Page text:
How to say morning prayers well when you get up on the wrong side of the bed

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Some tips to help re-orient your approach to morning prayer.

You wake up and make the sign of the cross. And then what? Here’s some advice: in those brief, slightly fraught moments, turn to set formulas of prayer and recite them in a set order. As long as you avoid routine, the repetition of the same words and phrases that fall naturally one after the other can help your to secure true inner freedom.

When you’re rushed for time in the morning, just one thought, one word, can seize you with joy (“God loves me”) or compunction (“Jesus was crucified for me”). With that, your heart will awaken and love will be enkindled: “Christ calls me to follow him.” Or you may just be too sleepy, closer to still slumbering and if that’s the case, say the prayer you’ve settled on; sticking to your resolution through love is already a prayer in itself.

Know too that the prayer of the lips often leads to the prayer of the heart. What counts is the desire that enables us to praise God and offer Him thanksgiving. Whether standing or kneeling, turn to your crucifix, your icon, toward the church, or the rising sun (if, in fact, you’ve noted its direction), whether running down the subway stairs or waiting for the bus: pray!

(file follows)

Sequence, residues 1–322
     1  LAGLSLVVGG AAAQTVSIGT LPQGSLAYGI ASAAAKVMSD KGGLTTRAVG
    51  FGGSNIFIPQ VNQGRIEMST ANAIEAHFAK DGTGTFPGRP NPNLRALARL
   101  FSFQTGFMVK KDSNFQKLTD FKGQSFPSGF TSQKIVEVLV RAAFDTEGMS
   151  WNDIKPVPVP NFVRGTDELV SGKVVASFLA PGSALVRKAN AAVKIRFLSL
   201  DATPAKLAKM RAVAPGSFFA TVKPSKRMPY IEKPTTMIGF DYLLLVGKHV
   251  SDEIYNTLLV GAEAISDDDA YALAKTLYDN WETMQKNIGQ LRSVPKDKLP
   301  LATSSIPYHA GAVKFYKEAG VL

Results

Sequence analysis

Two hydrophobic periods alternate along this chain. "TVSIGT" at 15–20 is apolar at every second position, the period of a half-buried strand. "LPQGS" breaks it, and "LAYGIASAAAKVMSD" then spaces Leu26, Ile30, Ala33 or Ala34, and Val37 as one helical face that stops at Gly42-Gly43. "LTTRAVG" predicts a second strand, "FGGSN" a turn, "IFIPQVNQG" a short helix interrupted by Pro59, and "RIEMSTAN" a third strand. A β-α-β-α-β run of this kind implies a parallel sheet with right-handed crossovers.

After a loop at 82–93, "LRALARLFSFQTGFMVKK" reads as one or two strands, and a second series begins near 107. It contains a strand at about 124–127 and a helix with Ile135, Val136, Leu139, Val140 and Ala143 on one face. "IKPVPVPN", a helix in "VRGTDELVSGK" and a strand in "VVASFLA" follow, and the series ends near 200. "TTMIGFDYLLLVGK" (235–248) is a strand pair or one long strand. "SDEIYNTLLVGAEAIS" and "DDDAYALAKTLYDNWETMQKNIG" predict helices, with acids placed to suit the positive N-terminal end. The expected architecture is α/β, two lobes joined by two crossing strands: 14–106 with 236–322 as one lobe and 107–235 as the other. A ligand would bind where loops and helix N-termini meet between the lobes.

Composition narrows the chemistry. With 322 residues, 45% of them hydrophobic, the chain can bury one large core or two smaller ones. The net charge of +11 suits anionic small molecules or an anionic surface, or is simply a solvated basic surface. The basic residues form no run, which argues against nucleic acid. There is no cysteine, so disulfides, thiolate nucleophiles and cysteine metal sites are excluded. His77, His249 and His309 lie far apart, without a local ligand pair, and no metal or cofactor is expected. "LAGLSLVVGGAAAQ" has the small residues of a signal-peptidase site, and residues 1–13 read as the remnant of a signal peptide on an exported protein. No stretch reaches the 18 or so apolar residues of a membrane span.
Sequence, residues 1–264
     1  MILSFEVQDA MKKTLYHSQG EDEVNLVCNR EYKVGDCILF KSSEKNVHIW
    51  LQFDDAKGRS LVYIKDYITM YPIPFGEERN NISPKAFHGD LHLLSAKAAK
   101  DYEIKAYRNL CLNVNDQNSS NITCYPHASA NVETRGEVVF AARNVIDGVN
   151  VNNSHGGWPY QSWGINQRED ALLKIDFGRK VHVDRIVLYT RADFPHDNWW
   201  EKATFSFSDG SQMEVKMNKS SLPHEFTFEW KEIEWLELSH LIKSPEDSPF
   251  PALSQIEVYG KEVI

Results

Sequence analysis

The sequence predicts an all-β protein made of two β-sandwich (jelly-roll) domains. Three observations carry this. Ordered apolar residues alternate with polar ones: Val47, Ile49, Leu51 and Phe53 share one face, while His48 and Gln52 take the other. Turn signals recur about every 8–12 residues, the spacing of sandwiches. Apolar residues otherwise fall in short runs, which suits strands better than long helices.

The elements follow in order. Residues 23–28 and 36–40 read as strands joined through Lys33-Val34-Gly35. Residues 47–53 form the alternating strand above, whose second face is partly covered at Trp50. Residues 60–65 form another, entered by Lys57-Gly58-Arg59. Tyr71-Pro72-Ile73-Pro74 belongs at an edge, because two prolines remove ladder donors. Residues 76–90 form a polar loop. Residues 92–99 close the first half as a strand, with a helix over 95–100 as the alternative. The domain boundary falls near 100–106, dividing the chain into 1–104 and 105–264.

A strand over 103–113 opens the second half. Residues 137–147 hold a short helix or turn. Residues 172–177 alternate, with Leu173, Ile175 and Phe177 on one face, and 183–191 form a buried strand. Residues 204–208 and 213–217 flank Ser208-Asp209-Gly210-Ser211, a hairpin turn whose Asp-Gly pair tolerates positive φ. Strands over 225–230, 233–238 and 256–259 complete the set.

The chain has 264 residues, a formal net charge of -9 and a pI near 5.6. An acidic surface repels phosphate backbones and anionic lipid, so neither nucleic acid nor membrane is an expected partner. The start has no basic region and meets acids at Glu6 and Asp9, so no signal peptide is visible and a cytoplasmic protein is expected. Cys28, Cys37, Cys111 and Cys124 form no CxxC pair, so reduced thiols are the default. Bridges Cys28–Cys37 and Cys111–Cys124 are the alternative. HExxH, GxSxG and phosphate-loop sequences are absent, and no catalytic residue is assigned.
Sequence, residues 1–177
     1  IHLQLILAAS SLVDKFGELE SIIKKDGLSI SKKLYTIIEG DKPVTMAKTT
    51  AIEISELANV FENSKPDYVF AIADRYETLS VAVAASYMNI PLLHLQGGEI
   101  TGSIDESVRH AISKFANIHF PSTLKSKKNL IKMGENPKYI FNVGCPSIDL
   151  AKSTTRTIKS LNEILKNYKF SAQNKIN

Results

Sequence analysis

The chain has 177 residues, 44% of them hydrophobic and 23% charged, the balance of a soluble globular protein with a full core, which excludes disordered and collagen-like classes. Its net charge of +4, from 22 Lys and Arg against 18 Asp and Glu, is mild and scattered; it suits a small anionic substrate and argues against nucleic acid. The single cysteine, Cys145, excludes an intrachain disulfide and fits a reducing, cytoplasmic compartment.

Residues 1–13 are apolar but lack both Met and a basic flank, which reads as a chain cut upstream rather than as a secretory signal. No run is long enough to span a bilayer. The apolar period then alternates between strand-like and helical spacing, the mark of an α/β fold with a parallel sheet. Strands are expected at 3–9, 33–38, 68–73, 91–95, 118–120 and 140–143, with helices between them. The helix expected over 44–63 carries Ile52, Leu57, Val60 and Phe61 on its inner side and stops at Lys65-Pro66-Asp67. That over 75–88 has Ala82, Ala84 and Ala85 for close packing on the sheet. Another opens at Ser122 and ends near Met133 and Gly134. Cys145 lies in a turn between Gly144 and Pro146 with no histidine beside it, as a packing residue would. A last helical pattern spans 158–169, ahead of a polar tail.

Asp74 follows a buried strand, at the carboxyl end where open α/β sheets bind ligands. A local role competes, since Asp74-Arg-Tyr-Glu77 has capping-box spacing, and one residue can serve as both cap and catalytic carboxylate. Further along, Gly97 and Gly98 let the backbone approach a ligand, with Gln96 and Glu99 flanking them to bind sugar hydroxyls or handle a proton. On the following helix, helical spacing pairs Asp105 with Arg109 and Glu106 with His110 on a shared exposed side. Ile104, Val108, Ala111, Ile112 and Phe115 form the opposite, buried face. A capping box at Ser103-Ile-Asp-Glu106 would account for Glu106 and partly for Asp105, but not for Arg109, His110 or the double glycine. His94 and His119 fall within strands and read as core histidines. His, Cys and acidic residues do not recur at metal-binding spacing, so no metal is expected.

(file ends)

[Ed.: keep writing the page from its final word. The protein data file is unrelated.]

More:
A few simple prayers to start the day off right

Say an “Our Father,” the prayer the Lord taught us, a “Hail Mary,” to pray along with the Blessed Mother, the “Credo,” which affirms the faith of the whole Church. Also say “Glory to the Father, and to the Son, and to the Holy Spirit,” and a “Glory to God in the highest” (the “Gloria” from the Mass) — that’s a morning prayer. Learn them by heart.

Then it takes no more than the blink of an eye to offer up to God this day he’s given you. Offer up in praise all the sufferings and difficulties that will mark this day, all the ordinary and extraordinary encounters it will bring, every activity in which you wish to be faithful to God. Finally, why not learn by heart a verse from the Bible, from the New or Old Testament, that may have struck you in the previous Sunday’s readings from the Word of God.

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